On the Wednesday we were told that we would be performing as a group as part of an open-air concert on the island early on Thursday evening. We would do some tunes as an ensemble, but we could also split into smaller groups to do whatever we liked, and so we started to talk about what we might do. Jokingly, Peter said, ‘And Ed will do a tap dance!’ Equally jokingly, I replied, ‘Not a tap dance, but I could do a morris dance!’ To my surprise this was taken as a serious suggestion, and the next thing I knew I was inventing a dance to perform at the concert. There wasn’t anyone around who knew any morris tunes (shame on you, Peter!), so the solution was to put together something that could be danced to a Swedish tune, and I chose the Gånglåt from Äppelbo as a morris-friendly tune, which Leif would play for me on his nyckelharpa. So at breaktimes between lessons on the Wednesday and Thursday I could be seen outside the hostel developing my routine. I got some curious looks from passers-by as I danced solo, without any music, just the tune in my head. I had brought no bells or whites as I wasn’t expecting to do this, but managed to borrow a couple of hankies from Peter.
On the evening of the performance, as well as playing in the general ensemble Peter and I teamed up to do a short spot as a nyckelharpa (me) and flute (Peter) duet, playing a couple of tunes from Vicki Swan’s ‘24 Tunes in the Swedish Style’. Nana sang a beautiful Japanese song along with her compatriot Kazuhiro. Then as I limbered up for my morris ‘jig’, of course it started raining! I told the audience this was entirely appropriate as morris dancers often have to perform in the rain in England. But the rain was only light and the jig was warmly received! And Leif enjoyed it so much he asked me if I would do it again at the Byss-Calle festival on the Sunday.
Formal lessons continued until Saturday lunchtime, and from then on we were free. A trip was organized to a village (Strömsberg) that is now like an industrial and agricultural museum, where you could watch charcoal being made or beer being brewed (and chat to the brewer), or visit the iron foundry museum or the museum of farm equipment which included over 600 elk antlers on display! A very pleasant fika in warm sunshine at the riverside café was the perfect conclusion to the afternoon.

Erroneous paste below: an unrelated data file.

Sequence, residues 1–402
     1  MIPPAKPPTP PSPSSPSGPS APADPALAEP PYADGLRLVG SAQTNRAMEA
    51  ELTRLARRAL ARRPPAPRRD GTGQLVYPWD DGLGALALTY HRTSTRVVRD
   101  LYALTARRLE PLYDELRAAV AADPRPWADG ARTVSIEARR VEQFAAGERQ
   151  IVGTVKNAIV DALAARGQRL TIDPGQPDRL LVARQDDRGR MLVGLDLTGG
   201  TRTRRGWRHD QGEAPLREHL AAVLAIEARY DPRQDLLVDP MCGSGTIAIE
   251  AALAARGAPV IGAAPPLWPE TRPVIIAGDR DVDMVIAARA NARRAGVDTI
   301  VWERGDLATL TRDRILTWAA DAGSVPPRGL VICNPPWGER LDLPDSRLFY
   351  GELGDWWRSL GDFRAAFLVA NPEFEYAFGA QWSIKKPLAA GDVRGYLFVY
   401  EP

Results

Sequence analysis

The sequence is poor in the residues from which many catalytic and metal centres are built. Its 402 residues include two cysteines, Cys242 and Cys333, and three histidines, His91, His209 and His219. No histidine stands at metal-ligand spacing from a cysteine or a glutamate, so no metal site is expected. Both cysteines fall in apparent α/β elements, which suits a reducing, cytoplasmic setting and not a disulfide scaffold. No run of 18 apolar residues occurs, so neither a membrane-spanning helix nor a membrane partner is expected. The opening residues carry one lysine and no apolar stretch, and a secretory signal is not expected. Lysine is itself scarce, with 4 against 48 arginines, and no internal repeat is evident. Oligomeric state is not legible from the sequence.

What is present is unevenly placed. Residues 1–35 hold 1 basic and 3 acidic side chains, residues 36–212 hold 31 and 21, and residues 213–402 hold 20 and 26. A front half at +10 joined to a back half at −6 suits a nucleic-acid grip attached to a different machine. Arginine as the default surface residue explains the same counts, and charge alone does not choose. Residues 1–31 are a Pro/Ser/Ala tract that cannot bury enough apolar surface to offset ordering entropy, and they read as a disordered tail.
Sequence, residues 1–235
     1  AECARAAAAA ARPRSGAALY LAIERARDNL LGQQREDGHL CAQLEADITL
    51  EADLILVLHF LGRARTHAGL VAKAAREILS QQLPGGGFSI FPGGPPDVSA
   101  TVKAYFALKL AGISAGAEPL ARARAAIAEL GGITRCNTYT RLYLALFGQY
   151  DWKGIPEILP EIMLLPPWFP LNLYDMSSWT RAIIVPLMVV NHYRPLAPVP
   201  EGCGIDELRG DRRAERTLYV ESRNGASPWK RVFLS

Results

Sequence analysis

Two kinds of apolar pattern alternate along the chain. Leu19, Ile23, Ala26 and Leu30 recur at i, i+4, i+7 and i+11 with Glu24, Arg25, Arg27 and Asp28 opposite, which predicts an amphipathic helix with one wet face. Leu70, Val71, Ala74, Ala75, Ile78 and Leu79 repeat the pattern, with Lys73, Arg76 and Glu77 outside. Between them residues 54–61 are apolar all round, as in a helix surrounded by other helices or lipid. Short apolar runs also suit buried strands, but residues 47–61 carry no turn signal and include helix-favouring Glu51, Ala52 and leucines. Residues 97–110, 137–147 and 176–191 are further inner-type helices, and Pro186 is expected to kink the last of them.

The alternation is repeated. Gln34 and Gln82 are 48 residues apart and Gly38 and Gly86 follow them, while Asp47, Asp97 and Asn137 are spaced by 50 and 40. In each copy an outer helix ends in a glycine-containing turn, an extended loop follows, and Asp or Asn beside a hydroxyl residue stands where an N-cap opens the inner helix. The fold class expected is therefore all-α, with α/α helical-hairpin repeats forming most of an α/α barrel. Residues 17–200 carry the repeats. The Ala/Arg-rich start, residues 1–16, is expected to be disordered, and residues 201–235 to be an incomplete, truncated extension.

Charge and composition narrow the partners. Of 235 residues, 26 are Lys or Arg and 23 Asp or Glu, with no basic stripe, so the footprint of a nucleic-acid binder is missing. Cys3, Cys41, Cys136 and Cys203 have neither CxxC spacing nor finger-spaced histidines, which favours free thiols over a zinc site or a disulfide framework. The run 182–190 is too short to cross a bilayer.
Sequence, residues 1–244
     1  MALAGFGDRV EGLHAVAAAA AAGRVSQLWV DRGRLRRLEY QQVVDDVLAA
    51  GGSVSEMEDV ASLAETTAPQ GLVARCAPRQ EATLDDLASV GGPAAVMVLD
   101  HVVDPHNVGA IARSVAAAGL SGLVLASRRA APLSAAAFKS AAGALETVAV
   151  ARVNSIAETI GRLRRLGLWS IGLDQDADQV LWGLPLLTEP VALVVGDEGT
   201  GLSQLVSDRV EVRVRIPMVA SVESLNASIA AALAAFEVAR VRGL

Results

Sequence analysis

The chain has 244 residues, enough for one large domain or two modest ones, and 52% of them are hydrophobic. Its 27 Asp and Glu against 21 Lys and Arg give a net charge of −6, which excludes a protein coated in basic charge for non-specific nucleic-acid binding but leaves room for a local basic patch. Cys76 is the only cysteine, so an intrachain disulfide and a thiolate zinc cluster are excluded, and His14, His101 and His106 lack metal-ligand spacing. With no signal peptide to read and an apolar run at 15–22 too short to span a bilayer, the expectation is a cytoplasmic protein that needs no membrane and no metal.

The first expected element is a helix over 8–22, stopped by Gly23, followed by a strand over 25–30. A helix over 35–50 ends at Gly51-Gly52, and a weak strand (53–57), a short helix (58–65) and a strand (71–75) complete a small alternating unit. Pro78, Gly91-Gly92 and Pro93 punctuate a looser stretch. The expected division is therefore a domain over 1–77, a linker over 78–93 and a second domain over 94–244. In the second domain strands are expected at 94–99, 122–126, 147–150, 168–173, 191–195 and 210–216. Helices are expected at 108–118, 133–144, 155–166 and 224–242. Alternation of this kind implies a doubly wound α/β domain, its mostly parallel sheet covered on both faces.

Our last day was centred around the Byss-Calle festival in Älvkerleby. Byss-Calle was a native of the village, and the festival is an annual gathering of musicians and dancers in his honour, organised by Leif. It begins with a church service where nyckelharpa players and fiddlers play at various points. If you were good enough you could join them to play the likes of Eric Sahlström’s ‘Andakten’ or Byss-Calle’s ‘Byggnan’. Neither Peter nor I felt up to this, but Nana joined in, along with a young German called Johanna (who made her own instrument and is currently setting herself up as a professional nyckelharpa maker). The church ceiling is decorated with angels playing various instruments, including a nyckelharpa – the paintings are dated 1503.
After the service the festival goers moved to a field to play a few tunes around the Byss-Calle monument, and then the festival took place in a grassed courtyard surrounded by barns. You can put your name down to do a ten-minute spot and if you play a Byss-Calle tune you get a signed certificate! Peter and I, along with Swedes Susanne and Marianne from the course, did B-C 32 and a couple of other tunes and proudly accepted our certificates!
And I did the morris jig again. This time, the rain waited until five minutes after I’d finished, and then it lashed down for twenty minutes! As I said to my colleagues, that’s the power of the morris …
We had some lunch, and then wandered around the festival, where in every nook and cranny small groups of musicians could be seen having mini-sessions, with many nyckelharpas present. But all too soon it was time to say our goodbyes and head for Älvkarleby station to take us to Arlanda airport. Peter had made his harpa purchase and was delighted to discover that he could take his new acquisition in its soft case on the SAS flight as hand luggage. (Worth bearing in mind if you are planning a trip to Sweden with nyckelharpa!)
It was a lovely week, with many great memories, and much to work on when I got home. At first I was resistant to the idea of changing my left-hand thumb position, but I have persevered and now it is instinctive and I wonder how I ever played any other way. As well as the fine teaching, special mention must go to Marianne, who cooked the evening meals, and Per-Ulf, who dealt with any requests, including going into the village to find postage stamps! And to Peter, who, as a seasoned campaigner, was kind enough to arrange the flights and guide me through the complexities of air travel. Friendships were formed that will endure, and if it happens again next year I will be hoping to go. Only, this time, I’d better take my bells with me!
If a Swede invites you to sample the fermented herring, I suggest you politely decline.